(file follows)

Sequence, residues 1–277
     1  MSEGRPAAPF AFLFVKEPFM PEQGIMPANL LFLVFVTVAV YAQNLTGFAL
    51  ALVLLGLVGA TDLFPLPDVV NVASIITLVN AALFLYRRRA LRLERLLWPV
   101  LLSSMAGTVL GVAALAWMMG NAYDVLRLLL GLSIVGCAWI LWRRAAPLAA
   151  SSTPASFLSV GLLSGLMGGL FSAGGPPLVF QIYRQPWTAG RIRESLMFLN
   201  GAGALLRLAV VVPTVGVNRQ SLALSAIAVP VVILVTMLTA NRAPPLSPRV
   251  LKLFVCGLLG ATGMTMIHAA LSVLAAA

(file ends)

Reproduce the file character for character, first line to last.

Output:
Sequence, residues 1–277
     1  MSEGRPAAPF AFLFVKEPFM PEQGIMPANL LFLVFVTVAV YAQNLTGFAL
    51  ALVLLGLVGA TDLFPLPDVV NVASIITLVN AALFLYRRRA LRLERLLWPV
   101  LLSSMAGTVL GVAALAWMMG NAYDVLRLLL GLSIVGCAWI LWRRAAPLAA
   151  SSTPASFLSV GLLSGLMGGL FSAGGPPLVF QIYRQPWTAG RIRESLMFLN
   201  GAGALLRLAV VVPTVGVNRQ SLALSAIAVP VVILVTMLTA NRAPPLSPRV
   251  LKLFVCGLLG ATGMTMIHAA LSVLAAA